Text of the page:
Well, of course, you answered “yes” to some of these questions.  And, if you’d like to be more mindful about how, what, and why you eat, consider taking the Eat for Life program.  This program is non-diet approach to rediscovering a healthy and joyful relationship with food and your body.  You can take the class on-line or, if you live in Columbia, MO, you can take it in person.  Classes start September 24.

This program is backed by research that shows you can become a more intuitive, mindful eater, treat your body with more respect, and decrease eating behaviors that lead to weight gain.

Some of the things you will learn include:

  • BASICS  of mindful eating (simple mindful guidelines for eating)
  • The  Three Food Wisdoms – no forbidden food, eating the “right” amount and knowing and respecting your patterns and triggers with food
  • How  to stop using food as the way to handle your emotions
  • How to savor your food and respect your body at the same time

Research on this program has demonstrated that after 10 weeks participants become more intuitive eaters, they have more appreciation for their bodies, they decrease problematic eating, and they increase in their ability to be mindful.  To register or to get more information, contact Craig Deken csdk89@mail.missouri.edu.

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Changing the Culture of Food at Work

OLYMPUS DIGITAL CAMERALast week I wrote about three easy ways to de-stress at work which included taking time out to take a walk and breath.  Now I’ve read a study in Population Health Management published in the last year which shows that not exercising AND eating unhealthily are linked with large reductions in productivity at work (50 percent and 66 percent respectively).  If you’re one of those that isn’t walking (or otherwise exercising) and not eating healthy, you might have a lot of work piling up on you that isn’t getting done.  No wonder the average worker reports feels stressed out at work.   Being at work without feeling capable of working is called “presenteeism” and affects us all to one degree or another.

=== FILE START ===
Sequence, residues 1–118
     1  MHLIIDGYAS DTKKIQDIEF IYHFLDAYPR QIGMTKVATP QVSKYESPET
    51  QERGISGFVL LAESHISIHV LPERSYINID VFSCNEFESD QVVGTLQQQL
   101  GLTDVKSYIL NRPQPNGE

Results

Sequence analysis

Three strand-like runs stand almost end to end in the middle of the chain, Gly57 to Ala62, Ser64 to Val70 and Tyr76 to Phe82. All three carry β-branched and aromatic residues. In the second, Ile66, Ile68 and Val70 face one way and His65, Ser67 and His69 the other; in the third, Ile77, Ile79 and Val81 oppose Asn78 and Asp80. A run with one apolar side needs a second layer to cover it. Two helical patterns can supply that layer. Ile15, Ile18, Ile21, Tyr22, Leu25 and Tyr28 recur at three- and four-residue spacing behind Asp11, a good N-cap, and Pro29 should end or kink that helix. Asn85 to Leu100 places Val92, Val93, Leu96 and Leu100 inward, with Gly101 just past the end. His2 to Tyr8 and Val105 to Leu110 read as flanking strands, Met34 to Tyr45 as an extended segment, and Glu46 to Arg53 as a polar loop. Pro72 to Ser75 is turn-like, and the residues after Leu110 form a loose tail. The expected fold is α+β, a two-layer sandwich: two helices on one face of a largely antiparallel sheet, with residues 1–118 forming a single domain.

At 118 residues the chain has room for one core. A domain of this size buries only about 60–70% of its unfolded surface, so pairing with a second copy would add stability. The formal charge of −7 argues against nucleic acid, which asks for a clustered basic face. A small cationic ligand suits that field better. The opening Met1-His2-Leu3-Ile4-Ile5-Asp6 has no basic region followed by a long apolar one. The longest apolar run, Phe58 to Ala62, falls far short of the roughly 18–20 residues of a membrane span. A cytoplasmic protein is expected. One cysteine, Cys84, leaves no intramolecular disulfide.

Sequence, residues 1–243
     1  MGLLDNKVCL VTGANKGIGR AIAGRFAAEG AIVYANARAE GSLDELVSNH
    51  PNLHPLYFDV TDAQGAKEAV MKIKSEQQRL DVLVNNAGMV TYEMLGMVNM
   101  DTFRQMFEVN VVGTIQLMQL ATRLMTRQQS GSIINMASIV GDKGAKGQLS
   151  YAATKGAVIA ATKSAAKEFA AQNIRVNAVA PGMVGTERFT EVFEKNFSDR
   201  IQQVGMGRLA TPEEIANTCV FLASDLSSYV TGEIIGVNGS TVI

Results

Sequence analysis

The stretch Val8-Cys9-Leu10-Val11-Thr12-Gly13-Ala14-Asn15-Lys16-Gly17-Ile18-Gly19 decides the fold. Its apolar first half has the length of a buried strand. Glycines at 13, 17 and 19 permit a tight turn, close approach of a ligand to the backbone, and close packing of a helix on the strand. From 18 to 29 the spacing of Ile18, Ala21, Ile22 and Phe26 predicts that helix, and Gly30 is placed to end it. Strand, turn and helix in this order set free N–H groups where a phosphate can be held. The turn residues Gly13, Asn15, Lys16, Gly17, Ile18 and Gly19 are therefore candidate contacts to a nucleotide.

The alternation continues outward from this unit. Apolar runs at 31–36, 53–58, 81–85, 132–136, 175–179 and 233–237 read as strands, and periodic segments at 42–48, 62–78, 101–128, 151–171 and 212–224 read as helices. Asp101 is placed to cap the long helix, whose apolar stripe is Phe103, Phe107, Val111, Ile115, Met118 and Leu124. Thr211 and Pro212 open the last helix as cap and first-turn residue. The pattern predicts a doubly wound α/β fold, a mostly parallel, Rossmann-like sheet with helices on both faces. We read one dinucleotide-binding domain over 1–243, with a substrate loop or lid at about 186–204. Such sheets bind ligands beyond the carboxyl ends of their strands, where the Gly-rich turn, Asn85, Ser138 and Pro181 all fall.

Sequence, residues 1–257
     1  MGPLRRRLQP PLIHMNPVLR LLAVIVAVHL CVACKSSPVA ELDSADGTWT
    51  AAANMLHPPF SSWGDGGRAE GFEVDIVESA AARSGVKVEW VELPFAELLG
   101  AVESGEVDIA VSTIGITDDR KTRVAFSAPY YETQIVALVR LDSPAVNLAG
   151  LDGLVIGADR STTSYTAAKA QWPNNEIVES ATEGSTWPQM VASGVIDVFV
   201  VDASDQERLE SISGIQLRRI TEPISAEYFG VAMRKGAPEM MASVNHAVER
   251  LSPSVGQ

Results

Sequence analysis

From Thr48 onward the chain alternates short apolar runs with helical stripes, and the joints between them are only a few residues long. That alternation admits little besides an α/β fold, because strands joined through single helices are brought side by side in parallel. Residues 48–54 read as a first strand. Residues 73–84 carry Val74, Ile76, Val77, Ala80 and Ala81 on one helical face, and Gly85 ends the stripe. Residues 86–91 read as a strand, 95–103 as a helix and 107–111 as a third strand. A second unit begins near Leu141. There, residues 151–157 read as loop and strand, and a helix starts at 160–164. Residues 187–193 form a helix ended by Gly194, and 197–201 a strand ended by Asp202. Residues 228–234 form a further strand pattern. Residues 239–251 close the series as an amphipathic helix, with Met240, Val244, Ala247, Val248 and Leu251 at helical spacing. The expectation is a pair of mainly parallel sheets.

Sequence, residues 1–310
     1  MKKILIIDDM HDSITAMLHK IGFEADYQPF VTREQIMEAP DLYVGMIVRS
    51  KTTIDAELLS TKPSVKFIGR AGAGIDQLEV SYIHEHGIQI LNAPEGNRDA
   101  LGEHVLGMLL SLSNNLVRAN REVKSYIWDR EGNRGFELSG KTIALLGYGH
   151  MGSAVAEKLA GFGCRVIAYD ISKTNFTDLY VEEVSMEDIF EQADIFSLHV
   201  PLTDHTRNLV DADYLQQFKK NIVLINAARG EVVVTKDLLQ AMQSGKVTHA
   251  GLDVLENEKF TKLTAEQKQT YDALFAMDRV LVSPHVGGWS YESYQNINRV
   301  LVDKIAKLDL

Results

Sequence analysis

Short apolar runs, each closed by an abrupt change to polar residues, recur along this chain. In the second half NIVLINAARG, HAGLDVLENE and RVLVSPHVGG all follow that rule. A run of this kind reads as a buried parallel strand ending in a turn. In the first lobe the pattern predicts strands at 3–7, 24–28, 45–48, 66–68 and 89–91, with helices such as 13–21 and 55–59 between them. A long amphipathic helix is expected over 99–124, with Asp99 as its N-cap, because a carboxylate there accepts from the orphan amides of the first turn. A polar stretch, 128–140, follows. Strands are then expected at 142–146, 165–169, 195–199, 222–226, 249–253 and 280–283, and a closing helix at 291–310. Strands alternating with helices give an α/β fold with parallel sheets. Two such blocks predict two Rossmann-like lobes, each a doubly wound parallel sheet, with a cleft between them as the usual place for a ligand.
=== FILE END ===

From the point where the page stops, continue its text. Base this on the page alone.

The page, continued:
The reason eating healthier could help you be more productive is because you’re supplying the body and mind with important nutrients.  You feel more awake and alert when you eat healthy, leaving you feeling energized for all the work you need to accomplish.

So, how can you eat healthier at work?  First of all, think about the culture of food at your workplace.  People bring in all kinds of unhealthy food to share with one another (think cookies, cakes, candy, etc.).  I know that this has turned into “thing we do” at work and I talk to people who look to cookies, cakes, and candy to provide comfort and pleasure.  While that may work temporarily, this kind of eating  then leads to feeling bad about yourself and a lack of energy for the work you have to do.  This behavior ultimately culminates in difficulties meeting the demands of your job and that’s when your stress level increases.  As the stress level increases, you produce cortisol in the body which is associated with the storage of fat around your middle.  Look down at your waistline and see if that’s true for you.

Isn’t it time we started thinking about how we can change our mind-set about what to eat at work?  Here are some suggestions for eating healthier at work.

  1. Start a fruit bowl in your office (to replace the old candy bowl)
  2. Bring in healthy snacks so you won’t be tempted by the cookies, cakes, and candy.
  3. Healthy snacks to bring to work include whole grain crackers, peanut or almond butter, dried fruit, nuts, trail mix, fresh vegetables, hummus, and yogurt cups.
  4. Suggest healthier food at meetings (forget the donuts and bring on the fresh fruit)
  5. Have healthy potlucks with your co-workers to get people thinking about how to cook healthy.
  6. Don’t bring in the food you want to get rid of at home (so you don’t eat it).  Throw it away!
  7. Post this blog in an area where everyone can read it.

Tell me some things that you do at work to make the food culture healthier and if you are a University of Missouri employee you’ll be entered into a drawing for a Healthy for Life lunch bag!!  Last week’s winner was Nancy Johnson, who won a new yoga mat.

If you’d like to know more about how to eat healthier all the time, think about enrolling in my next Eat for Life class starting at the end of May.  Contact me at RossyL@umsystem.edu for more information.